Distributed Computing: Protocols are Everywhere!

Hammurabi Mendes
Ph.D. Candidate
Brown University
SERC 306
Monday, March 9, 2015 - 11:00
Computer systems increasingly operate in a concurrent and distributed fashion. Examples include networks of mobile devices and processors that integrate many computing cores. Human activities, such as deep-sea exploration, also rely on distributed sensors, or even mobile robots, running distributed algorithms. We call those algorithms protocols.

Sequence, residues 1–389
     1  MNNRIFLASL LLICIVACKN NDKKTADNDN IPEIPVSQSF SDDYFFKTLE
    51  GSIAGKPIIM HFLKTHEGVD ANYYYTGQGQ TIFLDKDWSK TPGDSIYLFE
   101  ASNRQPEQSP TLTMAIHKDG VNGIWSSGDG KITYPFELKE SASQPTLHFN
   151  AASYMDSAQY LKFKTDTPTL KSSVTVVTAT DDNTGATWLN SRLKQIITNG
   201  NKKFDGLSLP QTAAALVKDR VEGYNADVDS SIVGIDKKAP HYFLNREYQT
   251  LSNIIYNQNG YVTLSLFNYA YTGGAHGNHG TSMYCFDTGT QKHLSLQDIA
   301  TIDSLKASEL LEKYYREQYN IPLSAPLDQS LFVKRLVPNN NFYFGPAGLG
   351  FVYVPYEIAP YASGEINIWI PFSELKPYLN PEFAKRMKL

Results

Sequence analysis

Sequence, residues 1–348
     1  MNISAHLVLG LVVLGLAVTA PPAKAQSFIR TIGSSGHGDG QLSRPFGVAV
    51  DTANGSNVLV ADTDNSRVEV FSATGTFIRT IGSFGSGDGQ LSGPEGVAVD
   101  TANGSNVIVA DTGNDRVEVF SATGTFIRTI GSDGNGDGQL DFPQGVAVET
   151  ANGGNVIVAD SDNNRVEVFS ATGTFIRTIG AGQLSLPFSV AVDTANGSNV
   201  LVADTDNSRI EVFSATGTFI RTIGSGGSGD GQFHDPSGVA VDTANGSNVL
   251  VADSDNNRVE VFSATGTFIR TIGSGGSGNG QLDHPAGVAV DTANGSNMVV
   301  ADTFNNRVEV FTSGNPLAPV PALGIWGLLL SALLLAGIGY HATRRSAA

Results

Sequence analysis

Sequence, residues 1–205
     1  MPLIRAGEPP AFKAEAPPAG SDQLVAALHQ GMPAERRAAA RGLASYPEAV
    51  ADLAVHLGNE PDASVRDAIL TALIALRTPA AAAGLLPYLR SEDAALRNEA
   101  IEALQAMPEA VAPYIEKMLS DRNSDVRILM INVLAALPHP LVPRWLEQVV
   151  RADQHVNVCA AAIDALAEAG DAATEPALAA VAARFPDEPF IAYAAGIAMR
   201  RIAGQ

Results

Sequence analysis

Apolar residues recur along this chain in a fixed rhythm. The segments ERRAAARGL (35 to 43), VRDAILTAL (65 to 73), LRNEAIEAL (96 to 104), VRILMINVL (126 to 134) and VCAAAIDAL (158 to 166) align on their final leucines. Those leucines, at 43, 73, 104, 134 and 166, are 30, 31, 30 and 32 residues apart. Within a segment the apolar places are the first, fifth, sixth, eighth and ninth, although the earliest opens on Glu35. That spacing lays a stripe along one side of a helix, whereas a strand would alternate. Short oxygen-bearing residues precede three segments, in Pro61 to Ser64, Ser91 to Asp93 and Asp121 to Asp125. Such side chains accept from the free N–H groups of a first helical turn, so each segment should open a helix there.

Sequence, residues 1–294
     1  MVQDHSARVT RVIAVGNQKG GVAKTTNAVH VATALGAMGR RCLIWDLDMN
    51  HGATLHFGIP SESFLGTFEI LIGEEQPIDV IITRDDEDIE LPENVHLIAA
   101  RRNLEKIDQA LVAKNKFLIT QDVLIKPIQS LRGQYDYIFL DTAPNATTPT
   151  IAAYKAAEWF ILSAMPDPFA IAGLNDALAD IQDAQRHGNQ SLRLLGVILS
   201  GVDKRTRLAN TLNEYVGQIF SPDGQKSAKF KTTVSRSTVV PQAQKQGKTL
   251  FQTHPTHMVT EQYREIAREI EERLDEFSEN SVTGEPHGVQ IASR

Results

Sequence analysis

This talk focuses on a protocol solving a problem called "multidimensional $\epsilon$- approximate agreement". This abstract problem models a scenario where mobile entities (say, robots) must converge to nearby positions, even though some of these entities might behave arbitrarily, or even maliciously, by spreading confusion and uncertainty in the system. The protocol implements a fault-tolerant, distributed coordination scheme to overcome this abnormal behavior, promoting the convergence. Non-faulty entities never move outside their original operating area during the convergence, avoiding the risk of going through hazardous territory. In this talk, I will show how such a protocol is designed, and discuss the central role of protocol design in distributed computing, and its impact in general CS research.